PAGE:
What a year it's been for parenting to be in the spotlight. With What to Expect When You're Expecting about to debut, the 'Mommy Wars' surrounding Hilary Rosen's comments about Ann Romney being a SAHM, and now TIME magazine's provocative cover. For me, it's not the image but the headline. The article inside is pretty tame -- facts and ideas about attachment parenting that surfaced 20 years ago and have always caused judgement and quibbles in the nicest of mommy groups.
"Are you mom enough?" Seriously? TIME magazine should be ashamed. There are gimmicks to get people in grocery store lines to snag a magazine but this headline is in seriously poor taste. As if Moms aren't hard enough on themselves. The reason I run UrbanMommies and UrbanDaddies is that when I had young kids I felt isolated, judged and condescended to. I was so immersed in the 'shoulds' of attachment parenting that I neglected the needs of myself as a woman and human being. I am thrilled that more parents are nursing and wearing their babies. But mothers and fathers are also losing sight of their own needs. Dr. Sears is a brilliant physician with great ideas, but like with all 'religions', if taken to the extreme or used out of context, chaos ensues.
Both of my kids had colic for 18 months. (I'm hoping the brain-synapse theory of colic is true and it just means they are smart). They were high needs babies. I wore them both in a sling or carrier hours every day. The massage bills added up. And I didn't shower much. The boys wouldn't go in a stroller without screaming so I just sacrificed my body and hoped that the skeleton would hold out. They slept in my bed for a few weeks and they snacked on breast milk whenever they were inclined. I was exhausted, drained, burnt out and my milk supply dwindled due to lack of self-care.
So I read all of the books about 'gentle' ways to train them to sleep. (This is where you hear people start growling as we get into the Pantley vs. Ferber debate.) In a nutshell, I tried all of the gentle stuff. For weeks. I was still exhausted. They wouldn't settle. The guilt was overwhelming and everyone weighed in. Nurses, paediatricians, friends, helplines and my elders. So now I was exhausted and demoralized, questioning my parenting and values. As soon as I shut out the 'advisors', I had an epiphany. I decided I needed to care for myself, my marriage, my health. Follow my instincts. I knew my baby and my family. The others didn't carry a kid in their belly and have a head emerge from their 'Lady Garden' (quoting the Bloggess on CNN -- brilliant). I was no good to my kids if I was an exhausted and irritated mess.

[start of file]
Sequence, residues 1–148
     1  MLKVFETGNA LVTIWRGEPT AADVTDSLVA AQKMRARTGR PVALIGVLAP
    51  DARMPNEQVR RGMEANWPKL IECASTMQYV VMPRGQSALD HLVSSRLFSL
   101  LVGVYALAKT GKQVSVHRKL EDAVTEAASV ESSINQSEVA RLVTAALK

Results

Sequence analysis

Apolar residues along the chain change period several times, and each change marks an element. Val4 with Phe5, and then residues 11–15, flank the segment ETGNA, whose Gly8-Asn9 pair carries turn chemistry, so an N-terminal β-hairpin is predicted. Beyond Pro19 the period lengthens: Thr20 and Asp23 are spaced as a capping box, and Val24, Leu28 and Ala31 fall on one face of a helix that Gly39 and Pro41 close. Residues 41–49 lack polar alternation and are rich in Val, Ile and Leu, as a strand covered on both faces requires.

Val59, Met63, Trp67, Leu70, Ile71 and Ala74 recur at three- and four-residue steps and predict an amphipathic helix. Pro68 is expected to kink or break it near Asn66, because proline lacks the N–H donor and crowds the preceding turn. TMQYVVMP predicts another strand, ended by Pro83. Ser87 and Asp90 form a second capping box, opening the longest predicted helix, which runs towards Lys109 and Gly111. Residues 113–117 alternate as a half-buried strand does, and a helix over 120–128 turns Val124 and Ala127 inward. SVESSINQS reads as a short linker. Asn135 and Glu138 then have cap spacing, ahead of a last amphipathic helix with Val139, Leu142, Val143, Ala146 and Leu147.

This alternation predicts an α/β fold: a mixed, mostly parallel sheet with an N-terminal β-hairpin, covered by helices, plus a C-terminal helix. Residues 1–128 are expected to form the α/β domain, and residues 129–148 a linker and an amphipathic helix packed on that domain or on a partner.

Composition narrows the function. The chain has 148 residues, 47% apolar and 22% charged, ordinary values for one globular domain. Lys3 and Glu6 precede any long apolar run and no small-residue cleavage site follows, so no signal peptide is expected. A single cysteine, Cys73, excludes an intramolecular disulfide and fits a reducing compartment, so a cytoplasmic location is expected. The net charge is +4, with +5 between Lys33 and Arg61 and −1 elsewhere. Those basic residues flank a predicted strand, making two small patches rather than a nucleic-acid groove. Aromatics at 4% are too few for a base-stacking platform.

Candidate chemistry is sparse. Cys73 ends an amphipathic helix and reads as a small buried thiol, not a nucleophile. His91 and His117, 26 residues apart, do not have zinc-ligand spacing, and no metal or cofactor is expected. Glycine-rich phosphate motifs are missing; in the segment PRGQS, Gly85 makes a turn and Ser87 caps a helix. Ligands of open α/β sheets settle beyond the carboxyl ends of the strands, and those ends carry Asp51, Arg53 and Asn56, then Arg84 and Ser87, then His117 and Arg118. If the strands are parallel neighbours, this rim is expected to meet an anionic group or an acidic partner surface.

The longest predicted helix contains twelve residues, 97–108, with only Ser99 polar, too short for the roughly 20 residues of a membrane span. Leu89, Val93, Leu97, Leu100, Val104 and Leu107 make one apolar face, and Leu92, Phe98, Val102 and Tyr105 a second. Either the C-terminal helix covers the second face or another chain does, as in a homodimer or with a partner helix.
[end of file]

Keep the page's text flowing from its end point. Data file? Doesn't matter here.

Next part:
So I let them cry a bit. Yes, a 'modified' Ferber approach. I put them in a crib. I took off whatever stinky t-shirt I was wearing and tucked it into their hands, hoping my smell would calm them and vindicate me. I went back often, leaving them a bit longer each time. They were stubborn but after a time, they both learned to sleep. Some mom friends stopped talking to me. I was the devil. But my milk supply returned. The colour came back to my cheeks. I still carried them in a sling all the time. I nursed until they were 18 months (and I was at my thinnest -- why the hell did I stop?!) and I still carry and cuddle them. They are very attached and loving.
So I used my instincts as a parent to do what was best for my family and kids. I stopped listening to the know-it-all Moms who were trying to justify their own decisions by criticizing mine. And I developed enough confidence and belief in my intuition to pour my heart and soul into a company that would hopefully help other moms to trust their own decisions and take time to care for themselves. So yes, TIME Magazine. I am Mom enough, and I would argue that all Moms, whatever their decisions on breast/bottle, sleep training, baby wearing or whether they stay at home or work outside are all Mom enough. We are all doing the best we can. As we shared yesterday through Facebook, "There is no way to be a perfect mother and a million ways to be a good one".
HuffPost Parents offers a daily dose of personal stories, helpful advice and comedic takes on what it’s like to raise kids today. Learn more